Longer bars are better
As far as bundled software goes, there’s a slew of Samsung Utilities, for backup and file sharing over DLNA, as well as a limited AV trial from Norton, Microsoft Office Starter and CyberLink DVD suite. There’s also Elan Smart-Pad, a control panel that offers customisation of trackpad multi-finger gestures to get the most out of the trackpad, if at all possible.
SRS audio treatments can work wonders, but can't perform miracles
Sonically, the SF310 boasts SRS Premium Sound. Now I rather like the tricks that SRS processing is capable of, but Samsung appears to expect miracles from the 2 x 1.5W speakers lurking inside this laptop. While I’ve no idea of the diaphragm dimensions, I’m thinking pennies here. SRS relies on psychoacoustics to trick the brain into imagining lower bass frequencies – that the speakers aren't actually capable of reproducing – using harmonics generated by TruBass, and various filtering techniques create the 3D surround elements, but if the speakers lack a half-decent frequency response, then there's a limit on what can be delivered.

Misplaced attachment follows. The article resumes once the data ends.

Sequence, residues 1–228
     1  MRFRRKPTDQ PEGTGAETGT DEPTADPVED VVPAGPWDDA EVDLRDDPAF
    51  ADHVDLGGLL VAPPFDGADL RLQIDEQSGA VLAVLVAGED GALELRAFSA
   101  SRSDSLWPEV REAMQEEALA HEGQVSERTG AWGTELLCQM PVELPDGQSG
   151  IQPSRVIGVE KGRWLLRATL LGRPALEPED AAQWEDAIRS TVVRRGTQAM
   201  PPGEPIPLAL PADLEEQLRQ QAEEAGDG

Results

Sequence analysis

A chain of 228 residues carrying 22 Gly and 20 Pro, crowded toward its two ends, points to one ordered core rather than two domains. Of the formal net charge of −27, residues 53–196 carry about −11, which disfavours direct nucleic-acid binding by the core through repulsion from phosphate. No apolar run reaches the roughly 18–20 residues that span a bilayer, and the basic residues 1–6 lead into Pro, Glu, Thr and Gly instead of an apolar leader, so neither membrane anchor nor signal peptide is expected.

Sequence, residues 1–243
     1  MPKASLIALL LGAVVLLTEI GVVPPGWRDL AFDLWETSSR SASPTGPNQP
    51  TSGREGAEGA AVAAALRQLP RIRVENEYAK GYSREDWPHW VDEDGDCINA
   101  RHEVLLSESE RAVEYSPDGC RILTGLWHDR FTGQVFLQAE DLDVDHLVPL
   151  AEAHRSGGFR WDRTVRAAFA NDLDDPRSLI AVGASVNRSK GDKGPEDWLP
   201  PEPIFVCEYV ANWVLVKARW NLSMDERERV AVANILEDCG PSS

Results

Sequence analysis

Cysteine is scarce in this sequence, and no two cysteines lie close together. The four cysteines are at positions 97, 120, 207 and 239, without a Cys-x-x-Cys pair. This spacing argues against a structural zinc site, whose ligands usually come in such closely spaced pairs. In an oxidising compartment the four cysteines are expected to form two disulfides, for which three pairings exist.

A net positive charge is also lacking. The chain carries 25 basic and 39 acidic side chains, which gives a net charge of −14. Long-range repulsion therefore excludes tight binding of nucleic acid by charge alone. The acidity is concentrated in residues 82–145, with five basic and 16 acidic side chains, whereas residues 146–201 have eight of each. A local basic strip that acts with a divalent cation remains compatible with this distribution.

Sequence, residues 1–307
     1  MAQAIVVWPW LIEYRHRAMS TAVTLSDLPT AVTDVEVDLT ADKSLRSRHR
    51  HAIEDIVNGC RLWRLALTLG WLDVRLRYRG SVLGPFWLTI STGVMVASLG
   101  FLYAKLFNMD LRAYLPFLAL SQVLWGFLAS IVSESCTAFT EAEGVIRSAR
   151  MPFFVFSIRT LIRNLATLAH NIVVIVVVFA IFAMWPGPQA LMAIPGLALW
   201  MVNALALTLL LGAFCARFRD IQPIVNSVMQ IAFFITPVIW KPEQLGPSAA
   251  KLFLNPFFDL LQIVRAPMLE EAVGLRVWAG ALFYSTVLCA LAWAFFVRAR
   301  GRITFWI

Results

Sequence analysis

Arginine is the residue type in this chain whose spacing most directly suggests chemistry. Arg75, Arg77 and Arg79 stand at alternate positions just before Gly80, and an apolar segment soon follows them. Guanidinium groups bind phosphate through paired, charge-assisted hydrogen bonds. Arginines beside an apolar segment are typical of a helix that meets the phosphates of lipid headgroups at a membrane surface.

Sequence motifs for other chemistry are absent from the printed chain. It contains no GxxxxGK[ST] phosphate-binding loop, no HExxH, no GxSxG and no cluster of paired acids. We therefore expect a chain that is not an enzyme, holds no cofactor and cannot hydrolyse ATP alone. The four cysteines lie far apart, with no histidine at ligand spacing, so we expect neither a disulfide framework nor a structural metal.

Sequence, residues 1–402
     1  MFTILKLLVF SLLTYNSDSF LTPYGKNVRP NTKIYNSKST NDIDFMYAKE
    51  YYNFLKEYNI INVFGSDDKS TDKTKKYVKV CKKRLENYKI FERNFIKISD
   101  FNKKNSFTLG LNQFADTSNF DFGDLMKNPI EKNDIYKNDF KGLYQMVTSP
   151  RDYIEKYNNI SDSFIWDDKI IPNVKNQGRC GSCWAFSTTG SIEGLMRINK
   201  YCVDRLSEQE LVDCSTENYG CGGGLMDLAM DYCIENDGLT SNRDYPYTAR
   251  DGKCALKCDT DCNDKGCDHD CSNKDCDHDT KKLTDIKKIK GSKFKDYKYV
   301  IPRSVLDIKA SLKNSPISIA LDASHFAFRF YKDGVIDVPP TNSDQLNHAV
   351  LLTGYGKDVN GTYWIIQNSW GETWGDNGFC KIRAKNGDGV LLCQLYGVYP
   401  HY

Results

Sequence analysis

Certainly you can tell that something’s going on with the soundscape and there’s plenty of volume there, but I spent a good while tweaking the SRS settings to get a beefy, well-defined sound and I failed. The speakers just don’t cut it as far as weight is concerned, and as sound engineers are wont to say: you can’t polish a turd.
Deceptive bends: when most laptops are getting thinner, those curves actually fatten it up
At just over 2kg the Samsung SF310 isn’t too much of an imposition to lug around. It’s certainly capable, with a good battery life and attractive too. Earlier, I likened the styling to a classic American car, but it transpires this is no Cadillac, it’s more of an Edsel. Yes, that trackpad is a serious problem, so much so that instead of giving away an HD webcam with this laptop, Samsung should really have done a deal with Microsoft to offer a free mouse. ®